Heading a football found to cause significant brain function change

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New research has discovered that heading a football is far more dangerous than you may suspect.

Scientists at the University of Stirling detected direct and "significant" changes to a player's brain function immediately after heading a ball, following calls to address the impact of repeated head trauma during routine training.

World Cup winner George Cohen has called for the game to tackle the issue of head injuries, and described old-style leather footballs as "nasty".

A history of trauma

Jeff Astle
West Bromwich Albion's Jeff Astle lies flat on the ground after a diving header against West Ham in 1968 (PA)

Former England and West Bromwich Albion striker Jeff Astle died in 2002 at the age of 59 having suffered from early on-set dementia, which a coroner found was caused by heading footballs and who gave the cause of death as "industrial disease".

A subsequent re-examination of Astle's brain found he was suffering from the neuro-degenerative brain disease chronic traumatic encephalopathy (CTE).

CTE can only be established following death and it has also been found in deceased American footballers, boxers and rugby players.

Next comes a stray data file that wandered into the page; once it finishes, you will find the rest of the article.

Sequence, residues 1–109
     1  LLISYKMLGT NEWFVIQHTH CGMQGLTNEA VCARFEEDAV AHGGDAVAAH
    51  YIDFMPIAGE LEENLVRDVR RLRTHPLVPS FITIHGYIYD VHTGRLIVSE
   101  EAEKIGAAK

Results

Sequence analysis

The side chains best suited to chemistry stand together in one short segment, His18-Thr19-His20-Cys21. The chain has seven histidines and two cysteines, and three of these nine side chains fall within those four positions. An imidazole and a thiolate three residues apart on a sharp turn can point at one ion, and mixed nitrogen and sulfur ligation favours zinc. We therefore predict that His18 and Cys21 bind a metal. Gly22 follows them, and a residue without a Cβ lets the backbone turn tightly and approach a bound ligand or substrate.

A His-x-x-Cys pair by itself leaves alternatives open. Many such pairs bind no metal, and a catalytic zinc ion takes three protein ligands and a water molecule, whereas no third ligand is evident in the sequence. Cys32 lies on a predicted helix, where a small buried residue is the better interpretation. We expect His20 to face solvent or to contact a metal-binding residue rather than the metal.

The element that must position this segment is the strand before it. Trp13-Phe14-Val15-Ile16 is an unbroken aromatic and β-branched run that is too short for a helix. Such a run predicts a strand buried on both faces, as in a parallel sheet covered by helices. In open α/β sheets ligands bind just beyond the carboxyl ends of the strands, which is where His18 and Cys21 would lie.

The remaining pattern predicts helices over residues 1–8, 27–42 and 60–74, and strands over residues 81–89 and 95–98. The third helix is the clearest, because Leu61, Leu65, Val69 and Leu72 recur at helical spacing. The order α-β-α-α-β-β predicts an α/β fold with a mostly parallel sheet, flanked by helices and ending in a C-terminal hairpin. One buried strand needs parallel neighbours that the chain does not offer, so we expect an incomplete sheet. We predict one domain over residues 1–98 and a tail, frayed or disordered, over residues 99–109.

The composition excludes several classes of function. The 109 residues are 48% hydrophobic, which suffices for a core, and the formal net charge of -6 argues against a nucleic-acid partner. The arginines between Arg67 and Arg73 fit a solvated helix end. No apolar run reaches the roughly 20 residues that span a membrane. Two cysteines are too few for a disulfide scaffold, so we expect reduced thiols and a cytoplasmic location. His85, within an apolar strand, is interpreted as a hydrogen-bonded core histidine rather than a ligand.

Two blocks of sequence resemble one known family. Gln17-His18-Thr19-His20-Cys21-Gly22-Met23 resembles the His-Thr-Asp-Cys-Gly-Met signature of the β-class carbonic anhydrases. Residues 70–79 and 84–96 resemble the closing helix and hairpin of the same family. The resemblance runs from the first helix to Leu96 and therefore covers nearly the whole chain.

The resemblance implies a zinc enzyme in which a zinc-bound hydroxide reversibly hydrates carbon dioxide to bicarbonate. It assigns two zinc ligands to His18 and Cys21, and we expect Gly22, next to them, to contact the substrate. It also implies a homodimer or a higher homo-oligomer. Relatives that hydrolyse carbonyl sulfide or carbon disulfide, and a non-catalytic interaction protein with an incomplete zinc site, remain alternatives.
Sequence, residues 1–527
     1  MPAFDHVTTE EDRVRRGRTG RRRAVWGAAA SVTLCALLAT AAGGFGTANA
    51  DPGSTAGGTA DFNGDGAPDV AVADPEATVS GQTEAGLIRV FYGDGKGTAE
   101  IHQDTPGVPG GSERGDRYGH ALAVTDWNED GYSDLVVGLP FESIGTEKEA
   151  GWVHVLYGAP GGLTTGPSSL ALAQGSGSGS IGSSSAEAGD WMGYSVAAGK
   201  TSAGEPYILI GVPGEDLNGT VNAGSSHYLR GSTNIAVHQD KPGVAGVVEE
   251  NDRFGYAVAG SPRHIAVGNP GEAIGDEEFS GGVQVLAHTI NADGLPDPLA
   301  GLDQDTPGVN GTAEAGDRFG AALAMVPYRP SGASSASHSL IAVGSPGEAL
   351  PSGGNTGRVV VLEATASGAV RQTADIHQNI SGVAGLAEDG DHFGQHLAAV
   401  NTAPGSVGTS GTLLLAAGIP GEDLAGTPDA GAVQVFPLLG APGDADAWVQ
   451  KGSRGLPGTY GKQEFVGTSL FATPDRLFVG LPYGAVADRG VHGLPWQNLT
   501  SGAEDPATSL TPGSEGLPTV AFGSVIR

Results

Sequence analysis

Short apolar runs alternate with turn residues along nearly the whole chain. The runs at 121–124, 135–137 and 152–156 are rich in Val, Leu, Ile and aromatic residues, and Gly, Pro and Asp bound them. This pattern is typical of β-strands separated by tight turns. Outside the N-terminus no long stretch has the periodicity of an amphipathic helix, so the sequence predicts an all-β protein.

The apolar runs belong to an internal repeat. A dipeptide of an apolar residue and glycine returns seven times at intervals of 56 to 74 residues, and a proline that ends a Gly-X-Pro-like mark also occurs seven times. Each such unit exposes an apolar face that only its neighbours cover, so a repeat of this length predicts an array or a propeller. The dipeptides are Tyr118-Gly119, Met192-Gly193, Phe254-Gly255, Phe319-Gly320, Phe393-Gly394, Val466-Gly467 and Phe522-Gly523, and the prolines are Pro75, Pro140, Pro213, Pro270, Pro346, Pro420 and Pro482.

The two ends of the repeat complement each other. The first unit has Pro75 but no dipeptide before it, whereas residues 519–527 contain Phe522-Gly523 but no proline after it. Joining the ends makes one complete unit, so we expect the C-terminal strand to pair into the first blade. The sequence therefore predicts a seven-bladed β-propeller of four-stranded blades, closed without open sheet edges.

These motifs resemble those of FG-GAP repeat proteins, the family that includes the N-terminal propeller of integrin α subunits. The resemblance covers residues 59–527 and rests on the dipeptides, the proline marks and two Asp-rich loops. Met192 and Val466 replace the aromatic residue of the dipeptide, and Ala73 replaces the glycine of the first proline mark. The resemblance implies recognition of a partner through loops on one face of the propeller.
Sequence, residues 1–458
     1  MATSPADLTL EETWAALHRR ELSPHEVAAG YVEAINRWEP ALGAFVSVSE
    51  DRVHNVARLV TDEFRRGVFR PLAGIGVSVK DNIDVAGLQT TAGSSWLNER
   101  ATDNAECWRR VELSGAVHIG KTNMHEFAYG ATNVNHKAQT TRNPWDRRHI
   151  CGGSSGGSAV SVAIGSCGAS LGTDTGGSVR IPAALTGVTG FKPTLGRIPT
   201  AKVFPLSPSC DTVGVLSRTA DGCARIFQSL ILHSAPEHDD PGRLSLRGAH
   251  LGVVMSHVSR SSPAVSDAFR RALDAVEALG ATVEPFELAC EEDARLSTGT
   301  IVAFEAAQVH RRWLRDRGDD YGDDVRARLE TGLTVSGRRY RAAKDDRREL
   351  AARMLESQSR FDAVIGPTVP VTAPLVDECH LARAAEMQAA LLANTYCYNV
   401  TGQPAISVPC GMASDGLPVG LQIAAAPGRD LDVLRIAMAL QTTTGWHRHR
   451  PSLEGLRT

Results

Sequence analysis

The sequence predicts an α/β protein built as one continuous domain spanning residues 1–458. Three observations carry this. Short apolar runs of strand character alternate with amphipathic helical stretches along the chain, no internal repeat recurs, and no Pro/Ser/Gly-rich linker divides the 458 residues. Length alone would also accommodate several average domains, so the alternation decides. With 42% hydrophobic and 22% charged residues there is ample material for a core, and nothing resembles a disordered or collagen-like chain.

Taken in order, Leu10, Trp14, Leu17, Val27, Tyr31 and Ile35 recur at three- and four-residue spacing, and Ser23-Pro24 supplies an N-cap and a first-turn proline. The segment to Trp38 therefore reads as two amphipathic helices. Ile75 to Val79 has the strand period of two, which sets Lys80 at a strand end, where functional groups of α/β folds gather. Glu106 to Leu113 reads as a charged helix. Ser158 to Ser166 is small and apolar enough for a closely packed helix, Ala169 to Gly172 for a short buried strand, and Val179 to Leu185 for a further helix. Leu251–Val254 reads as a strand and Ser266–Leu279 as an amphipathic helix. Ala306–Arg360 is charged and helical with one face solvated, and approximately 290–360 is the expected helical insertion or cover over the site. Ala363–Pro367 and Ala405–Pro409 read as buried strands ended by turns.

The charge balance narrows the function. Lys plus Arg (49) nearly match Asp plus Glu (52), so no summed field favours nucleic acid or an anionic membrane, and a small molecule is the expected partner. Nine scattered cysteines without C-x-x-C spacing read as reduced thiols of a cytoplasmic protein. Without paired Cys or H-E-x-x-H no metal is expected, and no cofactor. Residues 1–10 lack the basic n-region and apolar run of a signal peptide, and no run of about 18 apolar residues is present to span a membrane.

Establishing proof

Alan Shearer
Of Alan Shearer's 206 goals for Newcastle United, 49 were scored by heading the ball (Mike Egerton/EMPICS/PA)

Researchers gathered evidence using 19 footballers, at whom they fired footballs from a machine designed to recreate the speed and force of a corner kick.

The players were tested on their brain function and memory before and immediately after the kick, and found that increased inhibition in the brain was detected after just a single session of heading.

Memory test performance was also reduced between 41% and 67%, with effects normalising within 24 hours.

Cognitive neuroscientist Dr Magdalena Ietswaart said: "In light of growing concern about the effects of contact sport on brain health, we wanted to see if our brain reacts instantly to heading a football.

"With large numbers of people around the world participating in this sport, it is important that they are aware of what is happening inside the brain and the lasting effect this may have."

Calls for change

George Cohen
World Cup winner George Cohen has called for greater awareness of head injuries in football (Adam Davy/PA)

Astle's daughter Dawn has been campaigning for more research into the matter and was told by the Football Association and the Professional Footballers' Association in late 2014 that they were talking to Fifa.

She has previously called brain injury as a result of heading a "silent scandal" and warned there is little evidence to suggest the newer, synthetic version of the once-leather football is better for players' health.

Cohen told The Daily Telegraph in June: "You felt sick sometimes when it hit you. They started out at 14 to 16 ounces but, with rain, they were two or three pounds.

"Even if it hit you on the side of the head, a graze, it was really uncomfortable. Those early balls were really rather nasty."